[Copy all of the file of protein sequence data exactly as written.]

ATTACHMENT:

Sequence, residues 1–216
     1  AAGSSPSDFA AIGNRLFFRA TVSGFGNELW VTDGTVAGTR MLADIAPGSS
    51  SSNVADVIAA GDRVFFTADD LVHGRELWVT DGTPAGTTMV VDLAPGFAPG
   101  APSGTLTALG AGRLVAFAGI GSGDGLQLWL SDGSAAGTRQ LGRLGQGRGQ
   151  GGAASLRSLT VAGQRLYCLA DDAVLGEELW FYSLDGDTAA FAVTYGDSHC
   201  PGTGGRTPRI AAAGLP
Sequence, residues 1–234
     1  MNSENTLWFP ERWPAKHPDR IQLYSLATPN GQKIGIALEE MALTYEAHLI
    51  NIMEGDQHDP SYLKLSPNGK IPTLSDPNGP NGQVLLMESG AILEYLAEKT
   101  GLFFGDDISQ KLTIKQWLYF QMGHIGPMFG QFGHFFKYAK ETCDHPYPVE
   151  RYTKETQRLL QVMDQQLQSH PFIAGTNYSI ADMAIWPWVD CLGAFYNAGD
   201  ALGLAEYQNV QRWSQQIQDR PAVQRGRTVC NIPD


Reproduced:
Sequence, residues 1–216
     1  AAGSSPSDFA AIGNRLFFRA TVSGFGNELW VTDGTVAGTR MLADIAPGSS
    51  SSNVADVIAA GDRVFFTADD LVHGRELWVT DGTPAGTTMV VDLAPGFAPG
   101  APSGTLTALG AGRLVAFAGI GSGDGLQLWL SDGSAAGTRQ LGRLGQGRGQ
   151  GGAASLRSLT VAGQRLYCLA DDAVLGEELW FYSLDGDTAA FAVTYGDSHC
   201  PGTGGRTPRI AAAGLP
Sequence, residues 1–234
     1  MNSENTLWFP ERWPAKHPDR IQLYSLATPN GQKIGIALEE MALTYEAHLI
    51  NIMEGDQHDP SYLKLSPNGK IPTLSDPNGP NGQVLLMESG AILEYLAEKT
   101  GLFFGDDISQ KLTIKQWLYF QMGHIGPMFG QFGHFFKYAK ETCDHPYPVE
   151  RYTKETQRLL QVMDQQLQSH PFIAGTNYSI ADMAIWPWVD CLGAFYNAGD
   201  ALGLAEYQNV QRWSQQIQDR PAVQRGRTVC NIPD